Readers of this blog write to me with ideas about how to improve Wall Street's regulation and with complaints about its failures. The voices of the independent and regional FINRA community -- both owners and registered persons -- express frustration with inept rulemaking, ineffective regulation, and the perception that regulation has long been biased in favor of the larger firms and high-profile players who brought much of the present economic devastation upon our heads. I am flattered to read my mail when it says that I am viewed as a credible advocate for regulatory reforms to protect both the public and the industry. Sadly, it pains me to explain to such folks that I am disheartened by years of dealing with regulators and trade groups who chose to play organizational politics at the expense of investors and industry participants. There is an untapped reservoir of talent among the ranks of FINRA's member firms and registered persons, and it's time that we opened the spigot and took advantage of their ideas and expertise.
One last time, and in response to popular demand, I am reaching out to the powers that be at FINRA. I submit for your consideration the verbatim version of the email that I sent to FINRA on March 5, 2009. I will advise you of any reply.
TO: Nancy Condon
DATE: March 5, 2009
I write to you solely in my personal capacity and with the hope that you will direct this correspondence to the individuals noted.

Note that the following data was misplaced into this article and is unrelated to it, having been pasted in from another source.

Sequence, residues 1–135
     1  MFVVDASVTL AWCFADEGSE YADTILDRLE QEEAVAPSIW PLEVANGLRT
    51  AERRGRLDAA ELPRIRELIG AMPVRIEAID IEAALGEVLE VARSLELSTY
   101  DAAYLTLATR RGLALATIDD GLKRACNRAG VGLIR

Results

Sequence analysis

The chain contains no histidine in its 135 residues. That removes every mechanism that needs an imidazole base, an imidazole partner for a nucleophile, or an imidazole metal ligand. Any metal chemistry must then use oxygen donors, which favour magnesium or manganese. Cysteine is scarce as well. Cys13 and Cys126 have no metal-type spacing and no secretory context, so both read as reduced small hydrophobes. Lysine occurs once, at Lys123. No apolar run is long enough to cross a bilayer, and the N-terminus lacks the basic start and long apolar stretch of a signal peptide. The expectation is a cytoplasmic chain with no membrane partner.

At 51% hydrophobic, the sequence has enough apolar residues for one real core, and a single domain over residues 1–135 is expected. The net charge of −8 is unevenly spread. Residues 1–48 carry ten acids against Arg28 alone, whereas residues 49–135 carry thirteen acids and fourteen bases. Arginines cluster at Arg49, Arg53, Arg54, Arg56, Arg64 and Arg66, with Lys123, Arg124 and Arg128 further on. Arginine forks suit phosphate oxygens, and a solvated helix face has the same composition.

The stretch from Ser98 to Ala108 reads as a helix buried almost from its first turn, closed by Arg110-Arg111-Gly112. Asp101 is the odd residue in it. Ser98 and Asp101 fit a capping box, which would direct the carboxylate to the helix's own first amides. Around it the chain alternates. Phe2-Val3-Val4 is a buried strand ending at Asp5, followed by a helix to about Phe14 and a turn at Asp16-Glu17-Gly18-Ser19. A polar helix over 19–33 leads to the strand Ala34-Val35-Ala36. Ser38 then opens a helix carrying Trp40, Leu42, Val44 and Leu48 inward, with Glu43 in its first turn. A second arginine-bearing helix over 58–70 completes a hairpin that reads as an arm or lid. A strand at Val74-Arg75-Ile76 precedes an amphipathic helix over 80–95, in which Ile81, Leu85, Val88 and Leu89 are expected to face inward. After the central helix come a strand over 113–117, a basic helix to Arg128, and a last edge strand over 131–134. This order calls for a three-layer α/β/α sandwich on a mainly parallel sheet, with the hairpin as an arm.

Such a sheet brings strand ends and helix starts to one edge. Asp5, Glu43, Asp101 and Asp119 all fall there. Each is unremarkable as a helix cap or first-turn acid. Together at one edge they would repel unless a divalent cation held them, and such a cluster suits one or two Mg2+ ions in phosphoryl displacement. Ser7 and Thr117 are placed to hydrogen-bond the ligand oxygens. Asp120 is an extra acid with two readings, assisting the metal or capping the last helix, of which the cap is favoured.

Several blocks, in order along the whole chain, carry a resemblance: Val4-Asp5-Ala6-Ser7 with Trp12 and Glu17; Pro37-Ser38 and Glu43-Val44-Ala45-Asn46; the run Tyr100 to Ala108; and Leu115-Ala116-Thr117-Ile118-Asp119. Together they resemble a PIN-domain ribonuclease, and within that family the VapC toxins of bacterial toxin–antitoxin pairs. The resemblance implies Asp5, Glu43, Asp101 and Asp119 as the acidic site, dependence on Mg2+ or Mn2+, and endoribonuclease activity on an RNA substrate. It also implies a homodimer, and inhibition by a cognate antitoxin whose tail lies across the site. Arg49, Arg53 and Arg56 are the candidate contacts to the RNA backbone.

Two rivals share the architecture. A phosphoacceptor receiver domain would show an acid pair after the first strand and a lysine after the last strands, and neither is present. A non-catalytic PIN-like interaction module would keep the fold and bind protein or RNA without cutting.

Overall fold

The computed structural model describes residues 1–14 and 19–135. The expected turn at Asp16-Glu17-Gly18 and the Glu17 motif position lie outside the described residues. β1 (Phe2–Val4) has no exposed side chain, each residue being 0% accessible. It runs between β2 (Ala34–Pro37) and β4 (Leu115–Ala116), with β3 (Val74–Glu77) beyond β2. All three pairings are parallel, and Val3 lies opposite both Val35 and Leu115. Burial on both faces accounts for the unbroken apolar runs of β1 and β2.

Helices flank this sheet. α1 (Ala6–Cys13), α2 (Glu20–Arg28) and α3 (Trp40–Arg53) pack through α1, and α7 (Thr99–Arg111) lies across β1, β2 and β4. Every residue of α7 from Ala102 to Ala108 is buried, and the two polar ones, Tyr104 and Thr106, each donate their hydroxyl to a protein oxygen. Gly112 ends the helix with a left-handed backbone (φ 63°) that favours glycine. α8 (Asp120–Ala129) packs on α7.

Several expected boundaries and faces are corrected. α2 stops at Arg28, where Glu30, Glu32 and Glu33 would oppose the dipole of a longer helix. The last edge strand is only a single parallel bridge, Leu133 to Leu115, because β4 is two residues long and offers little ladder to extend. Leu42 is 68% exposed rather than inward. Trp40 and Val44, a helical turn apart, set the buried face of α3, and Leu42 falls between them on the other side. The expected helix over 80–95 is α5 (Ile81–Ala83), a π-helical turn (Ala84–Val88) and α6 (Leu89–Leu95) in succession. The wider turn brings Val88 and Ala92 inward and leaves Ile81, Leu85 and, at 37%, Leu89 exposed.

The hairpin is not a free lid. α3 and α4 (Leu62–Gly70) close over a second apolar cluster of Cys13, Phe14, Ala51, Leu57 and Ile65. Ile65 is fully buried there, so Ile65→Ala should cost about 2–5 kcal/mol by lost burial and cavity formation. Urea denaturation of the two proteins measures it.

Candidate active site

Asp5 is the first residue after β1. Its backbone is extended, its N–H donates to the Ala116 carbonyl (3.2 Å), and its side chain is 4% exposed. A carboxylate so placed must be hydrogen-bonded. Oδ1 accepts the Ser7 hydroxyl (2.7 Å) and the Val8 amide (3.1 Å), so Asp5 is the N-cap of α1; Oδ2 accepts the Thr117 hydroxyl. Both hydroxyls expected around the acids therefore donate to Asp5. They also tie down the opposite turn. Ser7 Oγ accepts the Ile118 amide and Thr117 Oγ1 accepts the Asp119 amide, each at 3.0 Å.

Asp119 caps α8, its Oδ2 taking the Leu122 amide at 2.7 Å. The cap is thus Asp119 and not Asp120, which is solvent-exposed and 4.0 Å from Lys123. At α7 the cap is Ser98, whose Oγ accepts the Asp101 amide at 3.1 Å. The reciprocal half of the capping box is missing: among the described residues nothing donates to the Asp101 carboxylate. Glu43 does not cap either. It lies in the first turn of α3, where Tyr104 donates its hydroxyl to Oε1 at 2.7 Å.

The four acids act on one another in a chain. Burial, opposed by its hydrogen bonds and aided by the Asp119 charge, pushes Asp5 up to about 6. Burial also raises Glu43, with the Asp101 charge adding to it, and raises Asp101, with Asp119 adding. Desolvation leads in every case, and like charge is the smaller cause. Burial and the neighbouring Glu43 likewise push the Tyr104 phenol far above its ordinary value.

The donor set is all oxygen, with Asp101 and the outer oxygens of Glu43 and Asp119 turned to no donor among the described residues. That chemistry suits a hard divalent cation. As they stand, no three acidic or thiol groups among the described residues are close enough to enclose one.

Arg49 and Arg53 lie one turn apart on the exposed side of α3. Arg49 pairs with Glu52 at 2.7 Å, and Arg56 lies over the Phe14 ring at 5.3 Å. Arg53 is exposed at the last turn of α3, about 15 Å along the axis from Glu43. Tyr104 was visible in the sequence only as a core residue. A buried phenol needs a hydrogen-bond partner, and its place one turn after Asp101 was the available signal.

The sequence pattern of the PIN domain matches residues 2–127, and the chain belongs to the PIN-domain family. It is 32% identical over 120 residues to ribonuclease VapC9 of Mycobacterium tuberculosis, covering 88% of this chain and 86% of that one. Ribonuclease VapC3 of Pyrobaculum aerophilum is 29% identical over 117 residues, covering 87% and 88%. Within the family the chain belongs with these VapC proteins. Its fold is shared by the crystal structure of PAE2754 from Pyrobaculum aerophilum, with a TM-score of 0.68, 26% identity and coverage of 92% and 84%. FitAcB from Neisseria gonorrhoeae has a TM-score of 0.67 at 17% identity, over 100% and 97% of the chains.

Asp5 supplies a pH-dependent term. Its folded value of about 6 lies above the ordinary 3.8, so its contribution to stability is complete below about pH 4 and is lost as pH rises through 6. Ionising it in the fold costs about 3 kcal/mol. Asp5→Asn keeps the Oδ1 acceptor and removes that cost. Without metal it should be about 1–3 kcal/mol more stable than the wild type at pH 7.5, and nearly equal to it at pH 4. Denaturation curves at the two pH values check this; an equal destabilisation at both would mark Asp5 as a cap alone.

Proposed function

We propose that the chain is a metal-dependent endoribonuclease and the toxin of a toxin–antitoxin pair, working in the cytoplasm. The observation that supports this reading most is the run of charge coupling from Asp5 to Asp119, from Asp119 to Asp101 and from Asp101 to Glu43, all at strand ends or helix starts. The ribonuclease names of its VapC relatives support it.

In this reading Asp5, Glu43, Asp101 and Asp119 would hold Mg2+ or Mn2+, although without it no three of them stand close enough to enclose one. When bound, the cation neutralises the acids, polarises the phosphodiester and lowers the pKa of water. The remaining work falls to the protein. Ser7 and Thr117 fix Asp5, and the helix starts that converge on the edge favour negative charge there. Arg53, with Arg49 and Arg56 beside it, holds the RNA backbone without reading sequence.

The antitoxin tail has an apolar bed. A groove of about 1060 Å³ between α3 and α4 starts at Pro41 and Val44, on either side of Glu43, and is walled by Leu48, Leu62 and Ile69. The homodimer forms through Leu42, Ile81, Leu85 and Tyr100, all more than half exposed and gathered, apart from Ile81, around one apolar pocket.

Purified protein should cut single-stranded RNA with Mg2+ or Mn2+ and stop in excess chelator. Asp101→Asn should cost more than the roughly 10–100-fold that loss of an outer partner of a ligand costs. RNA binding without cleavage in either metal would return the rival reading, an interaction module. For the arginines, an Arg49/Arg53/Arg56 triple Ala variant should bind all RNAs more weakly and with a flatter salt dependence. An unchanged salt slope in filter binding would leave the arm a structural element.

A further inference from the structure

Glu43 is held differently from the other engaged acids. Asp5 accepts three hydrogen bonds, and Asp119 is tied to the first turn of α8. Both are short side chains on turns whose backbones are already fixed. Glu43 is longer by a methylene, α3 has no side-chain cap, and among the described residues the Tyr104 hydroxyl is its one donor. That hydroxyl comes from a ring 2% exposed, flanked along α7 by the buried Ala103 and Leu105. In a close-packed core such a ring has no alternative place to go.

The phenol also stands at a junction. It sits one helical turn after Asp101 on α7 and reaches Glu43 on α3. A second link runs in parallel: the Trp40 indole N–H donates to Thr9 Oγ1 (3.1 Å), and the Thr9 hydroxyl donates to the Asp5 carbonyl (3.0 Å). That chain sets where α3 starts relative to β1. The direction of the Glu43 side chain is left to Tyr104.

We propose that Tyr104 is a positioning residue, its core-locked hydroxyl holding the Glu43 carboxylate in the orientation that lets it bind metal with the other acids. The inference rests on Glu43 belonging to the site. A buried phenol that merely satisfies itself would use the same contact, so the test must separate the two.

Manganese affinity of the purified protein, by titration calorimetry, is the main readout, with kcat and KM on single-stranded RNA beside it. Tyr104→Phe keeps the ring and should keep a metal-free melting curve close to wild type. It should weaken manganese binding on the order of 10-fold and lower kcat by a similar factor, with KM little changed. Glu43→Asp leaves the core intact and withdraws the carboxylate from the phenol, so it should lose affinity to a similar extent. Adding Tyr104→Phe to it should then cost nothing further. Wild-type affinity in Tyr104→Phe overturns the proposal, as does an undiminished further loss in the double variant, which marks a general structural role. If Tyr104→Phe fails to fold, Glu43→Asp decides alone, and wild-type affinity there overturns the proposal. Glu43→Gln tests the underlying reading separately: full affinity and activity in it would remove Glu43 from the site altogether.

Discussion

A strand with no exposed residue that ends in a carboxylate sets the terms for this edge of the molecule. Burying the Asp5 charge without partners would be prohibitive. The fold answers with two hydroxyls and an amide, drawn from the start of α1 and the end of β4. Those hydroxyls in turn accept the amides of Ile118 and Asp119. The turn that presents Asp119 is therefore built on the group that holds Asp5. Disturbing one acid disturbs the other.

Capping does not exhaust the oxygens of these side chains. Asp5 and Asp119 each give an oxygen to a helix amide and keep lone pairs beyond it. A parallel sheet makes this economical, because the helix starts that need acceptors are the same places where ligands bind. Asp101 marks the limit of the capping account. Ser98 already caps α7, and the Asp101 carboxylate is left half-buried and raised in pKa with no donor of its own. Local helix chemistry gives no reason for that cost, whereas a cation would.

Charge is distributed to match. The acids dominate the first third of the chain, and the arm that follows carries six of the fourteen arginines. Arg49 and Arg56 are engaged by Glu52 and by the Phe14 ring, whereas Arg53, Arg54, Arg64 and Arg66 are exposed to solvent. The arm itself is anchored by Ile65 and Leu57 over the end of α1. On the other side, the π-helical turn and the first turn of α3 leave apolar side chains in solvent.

In 1998, I was one of the first four candidates to force a contested election for the NASD Board. In the ensuing years, I founded and counseled what the press often refers to as the FINRA (formerly NASD) Dissident Movement. Others have nurtured a separate coalition that is frequently referred to as the FINRA Reform Movement. Given that those two factions often make common cause, my preference is to refer to the "Dissident/Reform" Movement.
The true vision of self-regulation cannot exist in an atmosphere of isolation and intimidation - be that real or perceived. Today, many FINRA member firms and registered persons believe that any public criticism of FINRA elicits regulatory retaliation. Thus, the perception is that dialog is discouraged, if not threatened.
FINRA refuses to engage in meaningful dialog with the Dissident/Reform Movement. The closed lines of communication radicalize industry opposition by marginalizing the voices of moderation. The persistent strained relationship undermines FINRA's credibility and effectiveness by inhibiting the industry's full cooperation and confidence.
The Dissident/Reform Movement seeks a confidential meeting with FINRA senior management and appropriate representatives of FINRA's Board. It is time to rebuild the consensus within the FINRA community and to restore the partnership between the regulator and the regulated. Can we take this historic step towards restoring the consensus that makes for more effective regulation?
Mar 6, 2009 1:12 PM, By David A. Geracioti
We really don't want to take sides, but we can't help but notice that our long-time legal columnist Bill Singer is throwing down the gauntlet again. He's challenging FINRA-for a meeting. You see, Bill Singer has a history of, as he says, "driving regulators crazy, from the NASD to FINRA and the SEC." In the 1990s, he founded the NASD Dissident Movement and became one of the first four candidates in that SRO's history to challenge its slate of Board candidates. Since then, he frequently joins forces with those who prefer the title of NASD (now FINRA) Reformers, and together the FINRA Dissident/Reform Movement has lobbied for what it calls "more cogent rulemaking and more effective regulation." (This is not imply that every regional/indie brokerage agrees with Singer and his Dissident/Reform Movement.) ...